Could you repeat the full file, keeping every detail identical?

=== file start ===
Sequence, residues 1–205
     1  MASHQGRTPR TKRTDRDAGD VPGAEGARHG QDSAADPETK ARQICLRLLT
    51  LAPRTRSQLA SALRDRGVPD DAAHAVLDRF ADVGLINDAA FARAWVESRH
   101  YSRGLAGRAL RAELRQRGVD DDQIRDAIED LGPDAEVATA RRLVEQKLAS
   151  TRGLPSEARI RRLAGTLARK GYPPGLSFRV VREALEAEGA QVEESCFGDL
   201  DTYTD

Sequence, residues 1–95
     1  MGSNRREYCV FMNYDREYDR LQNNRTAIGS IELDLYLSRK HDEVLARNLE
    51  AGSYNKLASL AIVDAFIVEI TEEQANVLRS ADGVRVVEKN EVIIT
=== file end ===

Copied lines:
Sequence, residues 1–205
     1  MASHQGRTPR TKRTDRDAGD VPGAEGARHG QDSAADPETK ARQICLRLLT
    51  LAPRTRSQLA SALRDRGVPD DAAHAVLDRF ADVGLINDAA FARAWVESRH
   101  YSRGLAGRAL RAELRQRGVD DDQIRDAIED LGPDAEVATA RRLVEQKLAS
   151  TRGLPSEARI RRLAGTLARK GYPPGLSFRV VREALEAEGA QVEESCFGDL
   201  DTYTD

Sequence, residues 1–95
     1  MGSNRREYCV FMNYDREYDR LQNNRTAIGS IELDLYLSRK HDEVLARNLE
    51  AGSYNKLASL AIVDAFIVEI TEEQANVLRS ADGVRVVEKN EVIIT